Bond prices ended Monday little changed after a mind-numbingly dull session in which there were no market-moving economic indicators and volume was less than half normal.
Tough talk by
about the Kosovo crisis shortly after 3 p.m. EDT appeared to push the benchmark 30-year Treasury bond's price into positive territory. Concern about a protracted conflict should boost demand for safe, liquid Treasuries, and Clinton, speaking at the White House, said
air strikes against Serb targets in Yugoslavia will continue until
President Slobodan Milosevic
halts hostilities against Kosovo's ethnic Albanians.
But the Treasury bond futures contract traded on the
Chicago Board of Trade
, where the closing bell rings at 3 p.m., ended the day down 1/32, and in both the futures and the cash markets the tendency over the course of the day was to drift lower, as stocks surged and oil prices tacked on another 25 cents.
The cash long bond ended the day up 3/32 at 95 2/32, its yield a basis point lower at 5.59%. Shorter-maturity note yields were likewise little changed at the end of a day in which just $29.2 billion of Treasuries changed hands by 3 p.m., 52.8% below average for a second-quarter Monday, according to tracker
Describing the action as "listless,"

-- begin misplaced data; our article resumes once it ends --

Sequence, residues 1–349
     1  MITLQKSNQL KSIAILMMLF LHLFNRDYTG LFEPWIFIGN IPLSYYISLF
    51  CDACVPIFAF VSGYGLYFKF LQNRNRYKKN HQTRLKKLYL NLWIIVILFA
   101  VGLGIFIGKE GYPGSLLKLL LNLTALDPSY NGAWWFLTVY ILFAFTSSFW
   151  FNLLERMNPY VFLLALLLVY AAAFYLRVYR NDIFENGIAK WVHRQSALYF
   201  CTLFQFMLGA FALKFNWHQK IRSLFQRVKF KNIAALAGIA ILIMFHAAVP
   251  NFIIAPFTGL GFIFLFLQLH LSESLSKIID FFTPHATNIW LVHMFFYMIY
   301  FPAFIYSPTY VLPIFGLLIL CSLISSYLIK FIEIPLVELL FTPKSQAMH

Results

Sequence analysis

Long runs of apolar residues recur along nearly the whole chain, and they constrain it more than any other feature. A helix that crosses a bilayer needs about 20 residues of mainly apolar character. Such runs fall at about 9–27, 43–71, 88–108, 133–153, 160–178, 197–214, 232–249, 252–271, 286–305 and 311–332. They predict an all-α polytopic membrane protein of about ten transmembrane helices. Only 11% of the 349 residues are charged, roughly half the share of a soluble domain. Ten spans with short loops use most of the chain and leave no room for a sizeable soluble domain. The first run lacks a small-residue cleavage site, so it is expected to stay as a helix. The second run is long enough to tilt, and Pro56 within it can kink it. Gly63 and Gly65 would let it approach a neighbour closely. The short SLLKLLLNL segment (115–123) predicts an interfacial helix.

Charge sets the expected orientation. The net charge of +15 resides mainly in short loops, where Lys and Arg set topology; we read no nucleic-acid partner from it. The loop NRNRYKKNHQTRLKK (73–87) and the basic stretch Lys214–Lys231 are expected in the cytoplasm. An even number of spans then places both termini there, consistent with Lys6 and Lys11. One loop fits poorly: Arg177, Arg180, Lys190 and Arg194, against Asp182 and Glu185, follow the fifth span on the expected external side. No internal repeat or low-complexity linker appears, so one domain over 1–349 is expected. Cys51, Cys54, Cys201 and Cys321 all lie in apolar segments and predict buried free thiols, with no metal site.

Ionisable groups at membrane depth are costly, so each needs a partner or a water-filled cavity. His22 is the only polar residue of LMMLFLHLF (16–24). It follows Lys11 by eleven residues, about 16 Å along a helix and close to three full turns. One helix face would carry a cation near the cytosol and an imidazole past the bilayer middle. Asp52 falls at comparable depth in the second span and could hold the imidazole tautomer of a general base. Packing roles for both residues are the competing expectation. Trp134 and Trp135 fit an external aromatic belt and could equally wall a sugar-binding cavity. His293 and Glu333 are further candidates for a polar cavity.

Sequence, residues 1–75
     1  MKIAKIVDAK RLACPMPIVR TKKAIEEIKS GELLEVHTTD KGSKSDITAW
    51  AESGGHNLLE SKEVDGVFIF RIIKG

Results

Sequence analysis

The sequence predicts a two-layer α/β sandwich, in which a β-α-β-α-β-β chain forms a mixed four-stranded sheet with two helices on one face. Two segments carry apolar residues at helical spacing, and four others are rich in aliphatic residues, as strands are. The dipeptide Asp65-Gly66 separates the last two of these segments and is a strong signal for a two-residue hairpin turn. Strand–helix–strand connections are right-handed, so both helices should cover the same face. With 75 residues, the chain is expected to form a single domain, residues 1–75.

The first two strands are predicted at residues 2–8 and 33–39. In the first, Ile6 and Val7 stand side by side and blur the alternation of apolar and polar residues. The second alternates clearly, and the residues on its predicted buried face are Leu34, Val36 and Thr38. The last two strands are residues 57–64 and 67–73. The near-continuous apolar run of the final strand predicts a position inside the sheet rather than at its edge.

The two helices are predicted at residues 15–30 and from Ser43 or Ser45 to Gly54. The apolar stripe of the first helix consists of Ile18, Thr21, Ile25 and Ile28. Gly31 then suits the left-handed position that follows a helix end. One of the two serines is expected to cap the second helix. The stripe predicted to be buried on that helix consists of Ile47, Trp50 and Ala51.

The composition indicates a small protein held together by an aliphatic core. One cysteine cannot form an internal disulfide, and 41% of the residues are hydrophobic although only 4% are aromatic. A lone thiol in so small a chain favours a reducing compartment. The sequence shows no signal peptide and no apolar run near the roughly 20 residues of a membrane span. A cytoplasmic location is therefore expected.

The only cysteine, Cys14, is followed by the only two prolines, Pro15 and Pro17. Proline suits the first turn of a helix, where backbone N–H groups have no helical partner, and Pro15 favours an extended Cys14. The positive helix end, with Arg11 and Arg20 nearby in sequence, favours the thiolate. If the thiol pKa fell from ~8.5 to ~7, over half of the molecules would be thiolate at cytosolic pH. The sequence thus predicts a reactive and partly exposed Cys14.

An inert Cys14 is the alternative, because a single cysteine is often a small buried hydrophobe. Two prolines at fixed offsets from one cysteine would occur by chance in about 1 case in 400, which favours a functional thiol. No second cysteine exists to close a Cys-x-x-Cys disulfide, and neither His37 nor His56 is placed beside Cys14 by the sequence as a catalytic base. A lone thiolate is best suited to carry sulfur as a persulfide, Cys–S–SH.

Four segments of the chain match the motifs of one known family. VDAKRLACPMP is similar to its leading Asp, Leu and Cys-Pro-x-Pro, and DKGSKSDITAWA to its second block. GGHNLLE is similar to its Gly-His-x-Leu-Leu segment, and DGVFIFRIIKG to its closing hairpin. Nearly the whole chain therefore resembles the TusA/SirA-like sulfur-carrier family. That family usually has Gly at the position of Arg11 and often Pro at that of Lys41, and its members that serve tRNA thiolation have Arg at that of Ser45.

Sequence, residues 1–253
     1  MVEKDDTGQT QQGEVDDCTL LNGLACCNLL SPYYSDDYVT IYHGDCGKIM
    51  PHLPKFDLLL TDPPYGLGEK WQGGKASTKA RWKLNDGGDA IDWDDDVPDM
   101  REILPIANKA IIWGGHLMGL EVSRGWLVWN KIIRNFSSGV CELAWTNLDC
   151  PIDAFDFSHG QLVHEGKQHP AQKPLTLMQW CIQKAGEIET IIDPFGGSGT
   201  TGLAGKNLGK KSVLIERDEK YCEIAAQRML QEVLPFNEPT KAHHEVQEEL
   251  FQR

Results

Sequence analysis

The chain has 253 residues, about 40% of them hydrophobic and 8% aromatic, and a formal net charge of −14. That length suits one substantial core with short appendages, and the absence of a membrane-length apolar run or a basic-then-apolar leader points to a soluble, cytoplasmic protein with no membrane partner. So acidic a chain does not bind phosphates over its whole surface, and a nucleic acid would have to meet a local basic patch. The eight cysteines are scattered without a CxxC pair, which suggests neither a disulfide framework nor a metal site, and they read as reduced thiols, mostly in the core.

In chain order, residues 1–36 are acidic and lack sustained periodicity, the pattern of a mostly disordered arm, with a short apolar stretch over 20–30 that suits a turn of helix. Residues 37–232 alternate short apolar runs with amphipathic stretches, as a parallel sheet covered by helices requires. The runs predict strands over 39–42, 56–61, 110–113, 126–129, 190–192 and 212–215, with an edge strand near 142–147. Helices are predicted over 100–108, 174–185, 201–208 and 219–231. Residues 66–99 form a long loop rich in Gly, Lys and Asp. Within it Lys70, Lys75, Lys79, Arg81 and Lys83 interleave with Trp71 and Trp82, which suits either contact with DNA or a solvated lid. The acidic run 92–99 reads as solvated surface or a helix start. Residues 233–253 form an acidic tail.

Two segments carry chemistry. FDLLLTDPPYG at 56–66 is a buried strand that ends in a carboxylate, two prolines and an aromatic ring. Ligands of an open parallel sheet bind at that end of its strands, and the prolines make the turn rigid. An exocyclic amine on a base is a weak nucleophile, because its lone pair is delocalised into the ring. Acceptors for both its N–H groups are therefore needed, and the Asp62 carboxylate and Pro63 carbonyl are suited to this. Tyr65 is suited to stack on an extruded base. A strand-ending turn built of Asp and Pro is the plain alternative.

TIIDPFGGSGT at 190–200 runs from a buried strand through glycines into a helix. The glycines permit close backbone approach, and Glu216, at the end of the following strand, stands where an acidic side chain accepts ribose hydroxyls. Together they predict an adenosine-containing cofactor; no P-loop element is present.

Warburg Dillon Read
U.S. economist Richard Kasmin said: "People are remaining on the sidelines just because of oil prices and the equity market."
The benchmark crude oil contract traded on the
New York Mercantile Exchange
, now up more than 45% from its mid-February low, rose another 28 cents today to 16.92, the highest since mid-June. As for stocks, the
Dow Jones Industrial Average
added 174.82 points and closed above 10,000 for the second time. "If there was any more rally left in bonds after the employment data, it got knocked off due to the strong equity market," Kasmin said.
The long bond's price rose more than a full point
Friday after the March
detected significantly less payroll growth than economists were forecasting. But the gain came on volume that traders estimated was a tenth of normal, giving it an air of vulnerability.
For most of the day, rising stock prices provided the main excuse to take profits, said Gib Clark, head trader at
Zions First National Bank
. "We just watch the stock market continue to go up and siphon off investment dollars."